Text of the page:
Why do they fly in a V? I looked it up. It conserves their energy. Each bird flies slightly above the bird in front, resulting in a reduction of wind resistance. The birds take turns being in the front, falling back when they get tired. In this way, the geese can fly for a long time before they need to stop to rest. They know when to fly, how to fly and where to fly. How do they know all of this? Their formations are precise. The sound of the wings flapping as they fly can be deafening if you are close. And their loud bossy honk, their communication with one another, is fascinating to observe as they encourage the slow, slacker geese to fly faster. They are individuals, yet their unity allows them to move through the sky with great power and mighty impressive precision.

A pair of geese will get together to raise a family and, for the most part, will stay together the rest of their lives (up to 25 years), raising new families each year. Geese have very strong affections for others in their group (known as a gaggle). If one bird in the gaggle gets sick, wounded, or shot, a couple of others may drop out of formation and follow the ailing goose down to help and protect him or her. They try to stay with the disabled goose until it dies or is able to fly again, then they catch up with the group or launch out with another formation. 

Geese are social animals who suffer when confined in individual cages. Confinement such as this also can lead to lesions of the sternum and bone fractures, as well as foot injuries from the cage floors. 

My prayer for us is that we can take a lesson from the wild geese and learn to fly together, to take care of one another, to share  leadership and to honk loudly when someone needs a little encouragement to do better. And for those of us lucky enough to find a partner to travel this journey with, may we honor that relationship with deep reverence, remembering to look deeply for the divine spark in the other as well as ourselves.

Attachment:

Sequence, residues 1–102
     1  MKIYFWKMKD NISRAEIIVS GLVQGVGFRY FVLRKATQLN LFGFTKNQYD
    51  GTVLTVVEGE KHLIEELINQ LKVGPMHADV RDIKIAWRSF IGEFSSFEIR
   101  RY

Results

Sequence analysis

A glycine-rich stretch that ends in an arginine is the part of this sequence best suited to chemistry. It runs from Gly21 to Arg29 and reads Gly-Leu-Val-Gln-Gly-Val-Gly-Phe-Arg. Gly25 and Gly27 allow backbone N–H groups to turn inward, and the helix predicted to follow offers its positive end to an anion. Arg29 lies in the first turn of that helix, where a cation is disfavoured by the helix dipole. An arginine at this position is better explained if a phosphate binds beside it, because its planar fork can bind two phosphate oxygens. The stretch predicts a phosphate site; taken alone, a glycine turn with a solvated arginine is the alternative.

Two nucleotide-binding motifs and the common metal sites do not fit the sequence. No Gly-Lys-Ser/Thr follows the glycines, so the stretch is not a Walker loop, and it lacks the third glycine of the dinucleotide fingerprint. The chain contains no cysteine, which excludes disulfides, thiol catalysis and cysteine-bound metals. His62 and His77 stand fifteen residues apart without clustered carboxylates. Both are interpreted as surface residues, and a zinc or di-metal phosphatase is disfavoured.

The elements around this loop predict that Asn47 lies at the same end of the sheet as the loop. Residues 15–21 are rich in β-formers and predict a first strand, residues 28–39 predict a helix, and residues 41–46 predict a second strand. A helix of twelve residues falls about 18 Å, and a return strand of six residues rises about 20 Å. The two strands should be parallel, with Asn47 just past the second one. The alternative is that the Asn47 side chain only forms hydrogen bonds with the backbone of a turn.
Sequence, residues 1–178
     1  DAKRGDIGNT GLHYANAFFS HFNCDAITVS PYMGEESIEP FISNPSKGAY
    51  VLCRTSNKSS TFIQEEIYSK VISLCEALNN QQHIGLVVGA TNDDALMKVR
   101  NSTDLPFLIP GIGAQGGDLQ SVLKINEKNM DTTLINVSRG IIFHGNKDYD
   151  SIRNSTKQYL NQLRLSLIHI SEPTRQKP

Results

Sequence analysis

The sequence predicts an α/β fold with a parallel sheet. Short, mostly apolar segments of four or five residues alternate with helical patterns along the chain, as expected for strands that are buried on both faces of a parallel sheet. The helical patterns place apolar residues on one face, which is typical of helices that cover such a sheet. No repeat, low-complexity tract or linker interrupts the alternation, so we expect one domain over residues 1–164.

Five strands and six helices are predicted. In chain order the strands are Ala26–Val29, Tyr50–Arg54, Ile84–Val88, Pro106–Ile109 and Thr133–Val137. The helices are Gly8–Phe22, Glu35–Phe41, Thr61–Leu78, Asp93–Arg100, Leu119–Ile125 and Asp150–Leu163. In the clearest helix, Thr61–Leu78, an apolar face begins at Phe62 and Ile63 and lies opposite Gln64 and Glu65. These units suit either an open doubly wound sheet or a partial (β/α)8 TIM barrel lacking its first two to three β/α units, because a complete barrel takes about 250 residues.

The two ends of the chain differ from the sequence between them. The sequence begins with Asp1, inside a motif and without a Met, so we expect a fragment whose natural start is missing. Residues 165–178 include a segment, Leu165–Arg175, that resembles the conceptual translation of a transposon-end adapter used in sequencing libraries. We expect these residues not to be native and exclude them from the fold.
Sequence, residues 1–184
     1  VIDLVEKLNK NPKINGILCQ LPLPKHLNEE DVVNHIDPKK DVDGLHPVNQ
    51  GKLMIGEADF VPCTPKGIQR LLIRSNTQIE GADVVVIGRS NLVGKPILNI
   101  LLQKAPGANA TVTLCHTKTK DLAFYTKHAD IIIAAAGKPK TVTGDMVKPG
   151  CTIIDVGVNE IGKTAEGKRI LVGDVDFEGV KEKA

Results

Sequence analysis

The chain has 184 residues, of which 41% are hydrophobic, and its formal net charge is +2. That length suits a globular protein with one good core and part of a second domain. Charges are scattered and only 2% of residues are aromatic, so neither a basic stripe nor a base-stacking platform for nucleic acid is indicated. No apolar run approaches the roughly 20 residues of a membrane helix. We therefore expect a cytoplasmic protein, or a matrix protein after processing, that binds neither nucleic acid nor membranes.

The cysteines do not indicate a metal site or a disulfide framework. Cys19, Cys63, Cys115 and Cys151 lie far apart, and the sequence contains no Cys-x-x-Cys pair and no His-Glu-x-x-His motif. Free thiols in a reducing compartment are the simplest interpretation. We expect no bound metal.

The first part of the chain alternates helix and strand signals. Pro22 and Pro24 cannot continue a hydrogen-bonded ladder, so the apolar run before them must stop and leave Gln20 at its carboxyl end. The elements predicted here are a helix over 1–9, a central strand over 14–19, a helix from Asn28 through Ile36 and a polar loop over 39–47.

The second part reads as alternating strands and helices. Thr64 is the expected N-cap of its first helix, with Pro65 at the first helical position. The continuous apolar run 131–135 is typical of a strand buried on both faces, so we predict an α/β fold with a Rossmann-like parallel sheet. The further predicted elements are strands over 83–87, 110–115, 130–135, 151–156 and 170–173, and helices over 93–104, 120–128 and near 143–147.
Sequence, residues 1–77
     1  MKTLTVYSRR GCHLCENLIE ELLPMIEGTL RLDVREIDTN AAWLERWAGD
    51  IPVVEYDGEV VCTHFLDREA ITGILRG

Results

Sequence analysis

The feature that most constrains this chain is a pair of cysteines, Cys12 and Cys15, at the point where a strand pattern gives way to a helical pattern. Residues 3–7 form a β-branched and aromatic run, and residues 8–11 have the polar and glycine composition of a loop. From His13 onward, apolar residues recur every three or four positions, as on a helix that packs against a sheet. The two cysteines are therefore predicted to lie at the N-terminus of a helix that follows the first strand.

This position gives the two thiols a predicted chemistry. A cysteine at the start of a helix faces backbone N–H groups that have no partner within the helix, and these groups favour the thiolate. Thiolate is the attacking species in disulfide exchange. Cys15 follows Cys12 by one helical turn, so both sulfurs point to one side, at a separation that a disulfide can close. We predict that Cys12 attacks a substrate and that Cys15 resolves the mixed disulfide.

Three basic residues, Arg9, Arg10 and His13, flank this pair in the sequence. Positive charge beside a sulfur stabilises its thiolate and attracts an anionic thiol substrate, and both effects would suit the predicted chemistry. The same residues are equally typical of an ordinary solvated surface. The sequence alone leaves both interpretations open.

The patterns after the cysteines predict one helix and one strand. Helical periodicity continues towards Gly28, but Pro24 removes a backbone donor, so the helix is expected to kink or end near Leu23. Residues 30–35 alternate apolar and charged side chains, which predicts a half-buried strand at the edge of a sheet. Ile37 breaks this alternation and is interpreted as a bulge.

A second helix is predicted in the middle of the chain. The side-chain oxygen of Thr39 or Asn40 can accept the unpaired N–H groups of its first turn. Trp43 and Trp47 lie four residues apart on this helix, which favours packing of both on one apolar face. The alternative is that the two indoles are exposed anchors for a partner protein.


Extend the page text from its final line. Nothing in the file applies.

Joy and sorrow move through the emotional and physical body throughout our lifetime. As I wrote in my book Back to Happy we cannot hold on to joy anymore than the geese can stay forever in the air. They must find fields on which to land. Joy is a gift to be cherished but not clung to. 

Sorrow, although it does pass, can stay with and affect the body in a negative way if we allow it. We can, however, choose otherwise.

Next up on the Happy Healthy You! podcast  we talk about the issues that can land in our tissues after trauma and how to move through the tough times. 

Like the geese, we must keep moving though the seasons of our lives. Practices like yoga can help. To practice with me, visit my yoga page at www.conniebowman.com

Namaste,
Connie



                                          SOMETHING TOLD THE WILD GEESE
                                                            By Rachel Field

Something told the wild geese
It was time to go,
Though the fields lay golden
Something whispered, "snow."

Leaves were green and stirring,
Berries, luster-glossed,
But beneath warm feathers
Something cautioned, "frost."

All the sagging orchards
Steamed with amber spice,
But each wild breast stiffened
At remembered ice.

Something told the wild geese
It was time to fly,
Summer sun was on their wings,

Winter in their cry.